“Where I’m At: Factory Education,” Jim Daniels, from Show and Tell
Job: Factory worker
This poem by Jim Daniels is one of the many he’s written about factory work in Detroit and elsewhere, and within that body of work it’s one of the finest. As the poem opens, the speaker—a new hire—is working “the cover welder / when the automatic cover welding gun stops / being automatic halfway through a cover.” He rushes to find his foreman, who gets a repairman named Old Green to come and fix the machine. It seems like he’s done the right thing, but later another worker corrects him: “Later, Spooner grabs my neck / pushes my face into the wall. / Old Green shouts into my ear: / You ain’t supposed to get Santino, / he’s got to find you, dig? / What’s the big hurry, boy? / You get paid the same no matter.” The speaker’s “education” continues throughout the poem, until at the end he’s also learned how not to work, taking lessons from a worker who tells him that to survive he’s got to work slower: “If you don’t know how / to break your machine / then you shouldn’t be running it.” “I work safely,” the speaker finally says, his education complete when a machine breaks down because of his actions, “I just point / to the machine, and thumbs down.”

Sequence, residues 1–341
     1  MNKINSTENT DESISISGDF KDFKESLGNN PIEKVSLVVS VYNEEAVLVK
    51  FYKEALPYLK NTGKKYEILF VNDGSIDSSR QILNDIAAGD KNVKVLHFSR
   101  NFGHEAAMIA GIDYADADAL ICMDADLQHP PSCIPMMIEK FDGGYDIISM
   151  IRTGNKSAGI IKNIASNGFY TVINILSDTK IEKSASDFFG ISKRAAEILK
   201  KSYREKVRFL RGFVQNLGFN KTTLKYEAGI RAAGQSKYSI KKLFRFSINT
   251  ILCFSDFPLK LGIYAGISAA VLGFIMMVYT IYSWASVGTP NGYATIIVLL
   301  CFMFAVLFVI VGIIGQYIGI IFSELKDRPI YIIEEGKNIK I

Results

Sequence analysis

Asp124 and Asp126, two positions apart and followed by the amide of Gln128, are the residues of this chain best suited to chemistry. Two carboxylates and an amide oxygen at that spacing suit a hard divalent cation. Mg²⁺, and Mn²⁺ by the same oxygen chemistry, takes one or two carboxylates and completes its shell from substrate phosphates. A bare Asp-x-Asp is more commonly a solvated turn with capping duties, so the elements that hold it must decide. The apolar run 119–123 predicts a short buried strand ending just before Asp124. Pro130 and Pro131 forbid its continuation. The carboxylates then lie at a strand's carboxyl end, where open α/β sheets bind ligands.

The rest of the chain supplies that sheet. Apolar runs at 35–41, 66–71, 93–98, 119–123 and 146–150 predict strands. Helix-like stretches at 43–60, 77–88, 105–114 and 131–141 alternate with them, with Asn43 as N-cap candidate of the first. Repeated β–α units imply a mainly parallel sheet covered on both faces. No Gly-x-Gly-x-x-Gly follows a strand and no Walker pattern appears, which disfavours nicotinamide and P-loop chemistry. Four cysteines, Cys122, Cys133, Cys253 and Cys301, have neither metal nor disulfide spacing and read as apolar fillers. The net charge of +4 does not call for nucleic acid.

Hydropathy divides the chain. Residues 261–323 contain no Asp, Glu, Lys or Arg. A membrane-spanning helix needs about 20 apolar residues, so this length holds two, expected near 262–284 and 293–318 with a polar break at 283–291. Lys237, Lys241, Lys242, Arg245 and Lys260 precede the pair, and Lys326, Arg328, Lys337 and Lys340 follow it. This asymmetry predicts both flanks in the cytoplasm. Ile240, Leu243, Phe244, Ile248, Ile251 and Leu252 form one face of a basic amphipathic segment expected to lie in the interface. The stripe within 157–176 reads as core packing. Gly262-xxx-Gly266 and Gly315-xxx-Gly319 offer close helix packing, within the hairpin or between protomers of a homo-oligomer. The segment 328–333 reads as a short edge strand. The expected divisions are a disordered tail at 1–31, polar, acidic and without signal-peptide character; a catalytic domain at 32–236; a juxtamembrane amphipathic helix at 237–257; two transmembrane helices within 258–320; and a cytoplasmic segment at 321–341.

“The Hortlak,” Kelly Link
Job: Convenience store cashier/animal shelter employee
Most jobs have at least some surreal aspects to them, but maybe few jobs are more surreal than late-night cashier. What better way to depict the experience than with a surreal story? Eric and Batu work at The All-Night Convenience, “a fully stocked, self-sufficient organism, like the Starship Enterprise, or the Kon-Tiki,” perched on the edge of “the long, black gap of the Ausible Chasm,” from which zombies frequently emerge to visit the store: “The zombies came in, and [Eric] was polite to them, and failed to understand what they wanted, and sometimes real people came in and bought candy or cigarettes or beer.” Eric waits most nights for a visit from Charley, who works night shifts at the animal shelter, where she checks a list to “see which dogs were on the schedule,” giving them “one last drive around town” before taking them back to the shelter and putting them to sleep. Eric and Batu deal with the usual convenience store problems, plus the zombies, who they come to see as not so different from some of the “real people” they encounter, each “the kind of customer that you couldn’t ever satisfy, the kind of customer who wanted something you couldn’t give them, who had no other currency, except currency that was sinister, unwholesome, confusing, and probably dangerous.”
The Intuitionist, Colson Whitehead
Job: Elevator inspector